• Reception. Having our reception outdoors, we had so much space to do whatever we wanted. We included a hayride for our guests from their cars (which were parked a nearby farm). Dinner was under tents. We wanted our guests to have something to do even if they didn’t like to dance. So, we had yard games (including lifesize Jenga); a campfire and s’mores; picnic tables outside; and a photo wall with endless props. We found that our guests stayed way longer than at other weddings. It think it was largely in part because there were things to do for those who didn’t want to shake their groove things. The last song played at 1:15 in the morning and we still had over 50 people at the farm –30 of which were dancing.

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What was your favorite part of your wedding? Is it cliché if I say everything? Because I mean it, the day was absolutely perfect. The wedding was personal and so full of love. Our wedding is still being talked about as being the Wedding of the Year. I think it was all the small details that made the biggest impact.

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What did you splurge on? What did you save on? I can’t really answer these questions, since we just researched and were happy with all our financial decisions.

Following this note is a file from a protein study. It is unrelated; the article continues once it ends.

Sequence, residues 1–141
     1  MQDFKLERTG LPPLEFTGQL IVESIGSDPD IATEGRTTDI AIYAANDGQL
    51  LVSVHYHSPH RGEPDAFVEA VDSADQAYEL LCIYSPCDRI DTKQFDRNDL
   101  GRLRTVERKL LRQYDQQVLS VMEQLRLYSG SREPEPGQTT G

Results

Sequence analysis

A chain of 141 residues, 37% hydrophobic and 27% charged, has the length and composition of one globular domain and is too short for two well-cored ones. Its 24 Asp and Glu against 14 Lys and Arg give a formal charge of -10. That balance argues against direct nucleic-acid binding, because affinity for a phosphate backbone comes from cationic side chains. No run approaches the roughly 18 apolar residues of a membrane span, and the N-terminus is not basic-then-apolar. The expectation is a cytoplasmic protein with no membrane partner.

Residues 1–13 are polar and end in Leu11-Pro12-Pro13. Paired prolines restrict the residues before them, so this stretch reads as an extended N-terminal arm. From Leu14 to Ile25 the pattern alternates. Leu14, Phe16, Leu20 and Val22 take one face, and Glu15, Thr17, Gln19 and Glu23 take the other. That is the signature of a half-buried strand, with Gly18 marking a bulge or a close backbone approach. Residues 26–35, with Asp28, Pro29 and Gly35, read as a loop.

Was there anything you would have done differently? Had you asked me a month ago I would have said started my pictures earlier. But since then we got our pictures back and there are way more than I thought there was going to be. So nothing.

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What was your biggest challenge in planning?The biggest challenge was knowing when and where to start. I felt pretty lost during the whole process. Many women have their mother to help and guide them or at the very least to turn to advice or a good cry. We had no idea how much a wedding could or should cost. I got over this by religiously using my wedding planner. I buy one for each and every one of my friends who gets engaged.

What lessons did you learn from planning or having the wedding itself?

  • Have a “get stuff done” day. A friend held a couple days where she invited us over, gave us some wine and had us work on wedding projects. She highly recommended I try it out to get stuff done. I had one day where 15 people came over to help. We polished off a lot of wine but they got projects done so fast I was literally pulling more out to do. In one afternoon they managed to get more done than I had in the last year of crafting.
  • Learn to say noWeddings equate to everyone wants to sell you their services. It’s actually exhausting to listen to people try to sell you their stuff. I’m such a softie that I have the hardest time saying no to people. Finally I had to learn what it means to say no, I’m not interested.